Background: Management of compartment syndrome in the modern era involves not only avoiding the sequelae of a missed diagnosis but also minimizing the risk of a malpractice claim. Little information is available on the legal aspects of compartment syndrome.
Methods: Twenty-three years of records on closed malpractice claims involving compartment syndrome were reviewed. The data were abstracted from medical records and were analyzed to determine the factors associated with a successful defense.
Results: Nineteen closed claims, involving sixteen patients and encompassing a total liability of 3.8 million USD, were found in the data for malpractice claims closed between 1980 and 2003. Ten claims were resolved in favor of the physician. The average time to closure was 5.5 years. All three claims that went to trial resulted in a verdict for the physician. Evidence of poor physician-patient communication was found in six cases, all of which resulted in an indemnity payment (p < 0.01). Increasing time from the onset of symptoms to the fasciotomy was linearly associated with an increased indemnity payment (p < 0.05). A fasciotomy performed within eight hours after the first presentation of symptoms was uniformly associated with a successful defense.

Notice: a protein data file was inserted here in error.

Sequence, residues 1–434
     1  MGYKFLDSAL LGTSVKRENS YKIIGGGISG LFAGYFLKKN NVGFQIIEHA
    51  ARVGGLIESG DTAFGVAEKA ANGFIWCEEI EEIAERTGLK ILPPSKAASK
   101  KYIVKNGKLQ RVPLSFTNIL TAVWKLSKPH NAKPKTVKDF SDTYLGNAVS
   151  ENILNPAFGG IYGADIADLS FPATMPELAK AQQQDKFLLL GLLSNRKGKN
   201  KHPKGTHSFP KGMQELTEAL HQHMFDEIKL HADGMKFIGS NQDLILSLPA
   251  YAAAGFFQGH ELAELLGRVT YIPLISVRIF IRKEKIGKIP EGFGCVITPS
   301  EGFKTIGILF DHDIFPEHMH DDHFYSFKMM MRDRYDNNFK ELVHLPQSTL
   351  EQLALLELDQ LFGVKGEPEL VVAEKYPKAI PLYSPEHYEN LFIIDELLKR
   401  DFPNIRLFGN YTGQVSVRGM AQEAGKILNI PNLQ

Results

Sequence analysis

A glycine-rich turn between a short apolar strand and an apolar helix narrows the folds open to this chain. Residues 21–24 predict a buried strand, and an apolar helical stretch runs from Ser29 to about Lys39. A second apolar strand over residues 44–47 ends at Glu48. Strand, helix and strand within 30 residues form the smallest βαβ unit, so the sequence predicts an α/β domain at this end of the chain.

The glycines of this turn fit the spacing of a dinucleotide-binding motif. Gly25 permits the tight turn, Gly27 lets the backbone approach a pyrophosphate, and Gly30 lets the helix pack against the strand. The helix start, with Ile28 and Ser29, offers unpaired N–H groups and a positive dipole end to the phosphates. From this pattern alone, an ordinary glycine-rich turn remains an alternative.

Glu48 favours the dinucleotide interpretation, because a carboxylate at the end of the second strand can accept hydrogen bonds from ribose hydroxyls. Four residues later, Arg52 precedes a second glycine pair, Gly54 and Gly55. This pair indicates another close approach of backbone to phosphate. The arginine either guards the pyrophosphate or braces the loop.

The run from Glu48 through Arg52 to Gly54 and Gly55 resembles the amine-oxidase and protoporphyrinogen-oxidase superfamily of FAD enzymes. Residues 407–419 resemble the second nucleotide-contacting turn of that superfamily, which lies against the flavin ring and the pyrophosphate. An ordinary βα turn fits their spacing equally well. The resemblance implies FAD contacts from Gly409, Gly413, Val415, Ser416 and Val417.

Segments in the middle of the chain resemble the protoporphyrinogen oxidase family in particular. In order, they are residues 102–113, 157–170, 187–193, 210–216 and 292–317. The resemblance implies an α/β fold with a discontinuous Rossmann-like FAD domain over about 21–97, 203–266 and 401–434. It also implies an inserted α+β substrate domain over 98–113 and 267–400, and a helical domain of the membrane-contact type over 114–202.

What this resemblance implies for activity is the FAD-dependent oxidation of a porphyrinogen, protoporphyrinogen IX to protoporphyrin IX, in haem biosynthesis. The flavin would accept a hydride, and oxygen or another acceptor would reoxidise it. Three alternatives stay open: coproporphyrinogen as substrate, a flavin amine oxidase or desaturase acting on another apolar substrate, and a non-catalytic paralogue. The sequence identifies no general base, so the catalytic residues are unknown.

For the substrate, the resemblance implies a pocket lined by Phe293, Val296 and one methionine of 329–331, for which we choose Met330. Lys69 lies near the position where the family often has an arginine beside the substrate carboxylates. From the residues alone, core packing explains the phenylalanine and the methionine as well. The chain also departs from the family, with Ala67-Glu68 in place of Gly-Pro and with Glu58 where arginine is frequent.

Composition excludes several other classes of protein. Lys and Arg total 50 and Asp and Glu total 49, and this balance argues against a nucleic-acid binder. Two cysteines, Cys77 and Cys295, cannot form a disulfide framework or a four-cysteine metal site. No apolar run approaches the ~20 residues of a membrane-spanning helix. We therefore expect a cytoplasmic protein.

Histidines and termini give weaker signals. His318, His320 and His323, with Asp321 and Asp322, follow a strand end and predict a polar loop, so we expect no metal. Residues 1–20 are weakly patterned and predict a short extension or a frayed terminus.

Conclusions: While malpractice claims involving compartment syndrome were uncommon, they resulted in a high rate and amount of indemnity payments. Early fasciotomy not only improves patient outcome but is also associated with decreased indemnity risk.